Tag Archives: beer

Orcish Smoked Porter

Orcish Smoked Porter

The Orcish Smoked Porter is something that I expect to really enjoy for myself, as it is based on successful beers I have brewed in the past and one of my favorite peoples; the Orc.  I love the porters.  They are dark, packed with flavor, not overly hoppy, and are a perfect bed to lay other flavors on – in this case, smoky goodness.



Orcish Smoked Porter

OG: 1.062, IBUs: 37.8, SRM: 73, ABV: 6.2

.25 oz black patented malt
.5 lbs Caramel/Crystel 60
.5 lbs Chocolate
.5 lbs Pale 2 row
2 lbs Smoked Malt
5 lbs DME
Safale S-04

1 tsp Irish Moss
1 oz Chinook hops [12%] (bittering)
1 oz Willamette [5%] (aroma)

I picture in my mind a tribal scene where orcs are laying about or playing games and watching a giant caldron over a blazing fire boiling delicious wort for a coming celebration.  The hot fire deepens the color and caramelizes the sugars in the wort, a concoction of water and grains crudely roasted by open flame.

To reflect the resourceful nature of the orc, I would encourage you to use local wood flavors to smoke your grain if you are so able and inclined.  As that might be a bit much for the average homebrewer, some peat smoked malt should do nicely.  I want to experiment with some different flavors of smoke.  Some are harsh and can impart too much flavor, so backing off on the smoked component would not be a bad idea.  While most orcs will find this satisfying, we might want to keep an eye on it for human consumption.

The malts were chosen for color, flavor, and familiarity as they are typical of a modern great porter.  The bittering hops may impart a piney character to represent the mountainous environment of the orc home.  The finishing hops will be mild but hopefully add some earthy component and may even enhance the spicy flavor of the previous hop edition.  The goal here is balance with a good solid smoky flavor that will go great with meaty dishes.

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Posted by on December 3, 2012 in Recipes


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Arkham Pale Ale (American Amber Ale)

The Arkham Pale Ale was designed to be a gateway beer into the world of home brewing.  I set out to design a first beer to be simple, but with a theme worthy of attention.  While this is actually more of an American Amber Ale, it pales in comparison to the dark nature of Cthulhu, for whom we hope to summon with all of our friends with this beer.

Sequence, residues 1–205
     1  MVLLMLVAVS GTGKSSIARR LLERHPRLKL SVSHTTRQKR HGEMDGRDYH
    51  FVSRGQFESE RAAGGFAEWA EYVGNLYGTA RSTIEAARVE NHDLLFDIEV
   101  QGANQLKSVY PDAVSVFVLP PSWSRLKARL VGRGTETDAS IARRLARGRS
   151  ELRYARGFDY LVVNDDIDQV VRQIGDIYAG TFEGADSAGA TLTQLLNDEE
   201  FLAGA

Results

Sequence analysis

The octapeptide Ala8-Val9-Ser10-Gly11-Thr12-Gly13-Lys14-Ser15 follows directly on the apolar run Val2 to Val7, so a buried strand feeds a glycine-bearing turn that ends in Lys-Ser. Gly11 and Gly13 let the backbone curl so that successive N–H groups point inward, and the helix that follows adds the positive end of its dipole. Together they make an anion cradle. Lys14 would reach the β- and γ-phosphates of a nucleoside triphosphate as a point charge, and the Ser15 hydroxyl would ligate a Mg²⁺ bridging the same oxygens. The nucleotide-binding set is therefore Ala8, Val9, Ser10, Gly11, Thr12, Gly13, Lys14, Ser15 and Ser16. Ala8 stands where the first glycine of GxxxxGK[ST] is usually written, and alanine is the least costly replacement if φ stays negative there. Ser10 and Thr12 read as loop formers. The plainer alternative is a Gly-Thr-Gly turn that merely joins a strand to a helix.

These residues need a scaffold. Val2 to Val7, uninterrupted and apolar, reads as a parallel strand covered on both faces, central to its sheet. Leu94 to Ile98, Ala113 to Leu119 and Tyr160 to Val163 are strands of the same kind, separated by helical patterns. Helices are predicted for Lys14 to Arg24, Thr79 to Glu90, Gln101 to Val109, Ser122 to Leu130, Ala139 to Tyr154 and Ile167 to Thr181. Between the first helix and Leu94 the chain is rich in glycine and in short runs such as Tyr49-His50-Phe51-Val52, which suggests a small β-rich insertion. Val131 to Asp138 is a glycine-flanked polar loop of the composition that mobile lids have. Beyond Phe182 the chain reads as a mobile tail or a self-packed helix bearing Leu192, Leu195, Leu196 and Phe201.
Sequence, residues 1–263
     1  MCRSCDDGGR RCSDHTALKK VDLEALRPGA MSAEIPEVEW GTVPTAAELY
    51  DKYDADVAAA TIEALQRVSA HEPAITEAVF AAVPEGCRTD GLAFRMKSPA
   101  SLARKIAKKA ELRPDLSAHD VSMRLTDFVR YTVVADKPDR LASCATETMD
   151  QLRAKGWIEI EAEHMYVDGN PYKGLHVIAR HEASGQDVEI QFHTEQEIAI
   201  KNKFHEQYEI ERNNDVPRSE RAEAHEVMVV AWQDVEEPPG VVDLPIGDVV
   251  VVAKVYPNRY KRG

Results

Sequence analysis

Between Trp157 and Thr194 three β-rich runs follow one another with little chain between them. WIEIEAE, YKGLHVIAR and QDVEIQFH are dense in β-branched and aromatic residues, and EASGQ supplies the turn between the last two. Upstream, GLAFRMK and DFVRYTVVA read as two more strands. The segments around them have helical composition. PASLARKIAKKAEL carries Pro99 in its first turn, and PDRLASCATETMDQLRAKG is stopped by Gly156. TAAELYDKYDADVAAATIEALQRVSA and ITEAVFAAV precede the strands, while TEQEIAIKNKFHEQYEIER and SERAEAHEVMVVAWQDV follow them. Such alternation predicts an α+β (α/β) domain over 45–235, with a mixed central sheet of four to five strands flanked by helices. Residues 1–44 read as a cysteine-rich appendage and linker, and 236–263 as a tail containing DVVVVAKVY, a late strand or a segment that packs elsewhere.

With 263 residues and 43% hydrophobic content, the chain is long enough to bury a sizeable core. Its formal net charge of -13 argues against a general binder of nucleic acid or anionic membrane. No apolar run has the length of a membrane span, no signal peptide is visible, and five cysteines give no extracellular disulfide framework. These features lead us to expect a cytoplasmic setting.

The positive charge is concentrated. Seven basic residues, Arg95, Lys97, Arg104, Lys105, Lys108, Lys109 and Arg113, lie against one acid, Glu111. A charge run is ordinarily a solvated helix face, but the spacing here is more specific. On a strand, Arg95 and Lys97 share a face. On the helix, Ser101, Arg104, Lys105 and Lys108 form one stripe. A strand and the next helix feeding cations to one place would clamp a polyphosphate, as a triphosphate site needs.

Status: Beta.  My first pass got some pretty good reviews.  An experienced home brewing friend of mine suggested swapping the hop editions, so next time, I think I will try this. Everything else will remain the same.

Arkham Pale Ale (American Amber Ale)

OG: 1.052, IBUs: 33.4, SRM: 13.3, ABV: 5.2%

.5 lbs. American 2-row
.5 lbs Crystal 10
.5 lbs CaraPils (Dextrine)
3 oz. Black Patent Malt
5 lbs Light DME
2 oz Willamette [4.7%] (bittering hops)
1 oz Cascade [6.4%] (aroma hops)
1 tsp Gypsum
1 tsp Irish Moss
Safale American  US-05, Dry Yeast Addition
5 oz Corn Sugar (for bottle conditioning)

When designing a beer for first-time brewers, I wanted to go with something that was pretty widely accepted.   I chose the American Pale Ale at first because it is a pretty widely accepted beer.  It was clean and simple.   I also just liked the sound of the name.  Arkham is American, and you need something refreshing to drink when you’re not chasing around the city closing extra dimensional rifts.

As I started researching ingredients, I couldn’t help but to add something dark.  I expect the black patent malt to add just enough character to represent the dark ones.  With as little as I added, I don’t expect to notice a lot more than just the color, but we will see.  The rest of it is just good American beer.  I may experiment someday by increasing the Black Patent Malt to how its roasted darkness impacts the beer.

The real characteristic of the American ale is the American hops.  Cascade hops should add a citrus character to the beer that you would expect of this style.  An addition of brewing salt (the gypsum) should add crispness to the bittering hops.  American yeast tends to ferment cleanly.  The malts were chosen to give the beer a little body, some head, and just a bit of sweet in an otherwise dry beer.  It should also have enough kick to it to help you unwind very quickly.


Posted by on October 11, 2012 in Recipes


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